Kids should not be wearing masks while playing sports


Human growth and development is a highly sensitive process, affected by slight changes in hormones and chemical processes, including changes in respiration. The brain is still developing during pubescent years, as are the critical components of human reproduction; an assault on these systems is an assault on the health and well-being of the developing body, with long-term consequences that can determine the health of an individual for the rest of his or her life.

Enter masks. We must maintain homeostatic levels of blood oxygen saturation and remain below a certain threshold of carbon dioxide (CO2) in order to function as healthy individuals. Anything outside of a spectrum of normalcy comes with dire, predictable consequences, and those worsen with longer periods of exposure. We (mainly through OSHA) regulate workplace exposure levels of CO2 and oxygen saturation, but who is looking out for the teens being run hard without recourse, like those being forced to run in masks for marching band practice, or those running track? 

As Stanford Epidemiologist Dr. Martin Kulldorff said at a March 18 roundtable hosted by Florida Governor Ron DeSantis, “Children should not wear face masks. They don’t need it for their own protection, and they don’t need it for protecting other people, either.” 

Dr. Scott Atlas is quoted regarding masked exercise as saying, “It’s not just unnecessary; it’s harmful.” 

Here we will expand on all of the avenues why this can be harmful. In addition to concerns with blood saturation of oxygen and CO2, masks lessen the lower visual field, which makes falls more likely and impacts coordination. Masks have true microbial concerns, as they make excellent breeding grounds for many pathogens and are a magnet for pollen. They create a moist area around the mouth and nose, and for teens who are acne-prone, this can exacerbate underlying issues. There are better options for students who come from families in need of better protection, but the biggest problem of all with masks, especially masks chosen for their comfort, is that they do not protect the wearer or those surrounding the wearer from transmissible emissions within the COVID-19 range.

Respirators graded for COVID-19-size particulates are not apparatuses you can run in without quickly feeling the effects of obstructed respiration. If you can run in it, you are not protecting yourself or anyone else, but also masking creates a false sense of security, as masks can exacerbate the spread of airborne pathogens due to forced aerosolization of droplets through a membrane and pressurized plumes, increasing the atmospheric viral load within a respiratory range of fine particulates that do not respond predictably to gravity and remain aloft for hours.

Furthermore, double-masking with some available masks can certainly kill you (please do not ever run in double-layered P100s, for instance). With some masks, even single-masking can lead to death, depending on underlying health. This should be a conversation about medical consent and informed personal risk assessment, where we must consider all details at play before claiming to have quelled the chaos variables at play, especially when lives are truly at risk.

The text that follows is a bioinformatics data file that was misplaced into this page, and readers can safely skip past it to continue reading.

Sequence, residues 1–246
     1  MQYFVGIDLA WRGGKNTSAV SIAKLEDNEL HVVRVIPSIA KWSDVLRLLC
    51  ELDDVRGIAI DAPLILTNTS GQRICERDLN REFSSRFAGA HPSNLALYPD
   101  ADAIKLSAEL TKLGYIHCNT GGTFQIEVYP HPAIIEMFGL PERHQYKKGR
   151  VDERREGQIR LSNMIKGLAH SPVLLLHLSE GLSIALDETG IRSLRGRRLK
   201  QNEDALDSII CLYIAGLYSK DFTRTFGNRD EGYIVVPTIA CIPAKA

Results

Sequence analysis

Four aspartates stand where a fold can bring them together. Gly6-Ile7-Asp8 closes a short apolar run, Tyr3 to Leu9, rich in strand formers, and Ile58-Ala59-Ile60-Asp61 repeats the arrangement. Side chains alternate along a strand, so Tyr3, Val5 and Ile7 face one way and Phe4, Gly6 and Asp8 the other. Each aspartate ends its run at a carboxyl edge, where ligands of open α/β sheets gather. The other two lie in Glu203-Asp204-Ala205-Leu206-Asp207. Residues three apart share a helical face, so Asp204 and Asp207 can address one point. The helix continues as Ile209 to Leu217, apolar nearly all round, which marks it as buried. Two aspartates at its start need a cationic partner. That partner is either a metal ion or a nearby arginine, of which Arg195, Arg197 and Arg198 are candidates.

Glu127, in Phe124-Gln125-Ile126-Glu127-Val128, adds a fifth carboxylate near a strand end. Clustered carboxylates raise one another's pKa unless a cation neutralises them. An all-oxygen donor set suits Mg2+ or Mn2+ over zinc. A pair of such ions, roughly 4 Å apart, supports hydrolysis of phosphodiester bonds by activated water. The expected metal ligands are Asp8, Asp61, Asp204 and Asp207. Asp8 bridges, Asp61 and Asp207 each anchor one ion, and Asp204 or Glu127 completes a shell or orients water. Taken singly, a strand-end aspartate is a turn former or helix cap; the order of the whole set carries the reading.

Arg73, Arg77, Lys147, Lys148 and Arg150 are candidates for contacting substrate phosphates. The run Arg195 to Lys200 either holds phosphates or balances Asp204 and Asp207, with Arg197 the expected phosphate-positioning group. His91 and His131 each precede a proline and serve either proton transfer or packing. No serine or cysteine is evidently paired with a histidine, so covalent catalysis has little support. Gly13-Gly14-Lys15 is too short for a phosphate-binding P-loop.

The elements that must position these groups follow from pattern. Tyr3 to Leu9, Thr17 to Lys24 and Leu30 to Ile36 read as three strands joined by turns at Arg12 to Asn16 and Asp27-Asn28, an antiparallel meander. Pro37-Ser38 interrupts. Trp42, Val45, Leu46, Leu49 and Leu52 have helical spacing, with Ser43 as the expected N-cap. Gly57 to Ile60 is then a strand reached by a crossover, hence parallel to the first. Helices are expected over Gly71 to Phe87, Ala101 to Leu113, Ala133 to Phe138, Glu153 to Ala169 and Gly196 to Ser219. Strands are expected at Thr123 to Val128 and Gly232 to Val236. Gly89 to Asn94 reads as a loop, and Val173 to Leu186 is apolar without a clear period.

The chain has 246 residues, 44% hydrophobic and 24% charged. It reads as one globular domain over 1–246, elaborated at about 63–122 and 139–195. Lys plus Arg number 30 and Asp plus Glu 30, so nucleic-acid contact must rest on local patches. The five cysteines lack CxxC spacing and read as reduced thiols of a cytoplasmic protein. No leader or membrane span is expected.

Lastly, I ask you to think about the zebras instead of assuming horses when you hear hoofbeats. There are true atrocities that have taken place in this world that don’t fit our preconceived notions of the lives of children. There are and have always been kids and teens in public schools who have experienced torture and abuse. It is not the business of school districts to ask them to relive their tragedies over and over, going through denials and appeals in order to receive what is truly their birthright: a free and appropriate public education. All have a right to the least restrictive educational environment, no matter their exceptionality, wherein mere presence does not constitute direct threat, even for contagious diseases (for reference, these topics are clearly covered in IDEA 300.114-300.119 and ADA Subsection B, with a host of covered qualifying conditions, below).

By law, all students in public school districts have equal access to extracurricular activities, including sports. There can be exemptions sent through at the district level, but medical privacy is something districts have typically taken very seriously, as it is not the business of anyone else on a sports team to know the reason for exemption. In summary, one does not need to reiterate and relive what is “wrong” with them or what qualifies them for exemption based on the whim of community gatekeepers.

There is a reason people weren’t interrogated for using a wheelchair ramp or barred from getting flu meds before COVID-19. Until we, as a society, dive into the comprehensive public sector access laws and regulations that maintain peace in our shared spaces, helping to emulsify the opposing forces brought forth through equal rights and competent representation, we will continue down this road toward total tyranny, where no parties emerge as victors. 

For a deep dive on the extreme harms of extended deoxygenation and increased CO2 exposure, see this study.

Megan Mansell is a former district education director over special populations integration, serving students who are profoundly disabled, immunocompromised, undocumented, autistic, and behaviorally challenged; she also has a background in hazardous environs PPE applications. She is experienced in writing and monitoring protocol implementation for immunocompromised public sector access under full ADA/OSHA/IDEA compliance. She can be reached at [email protected]



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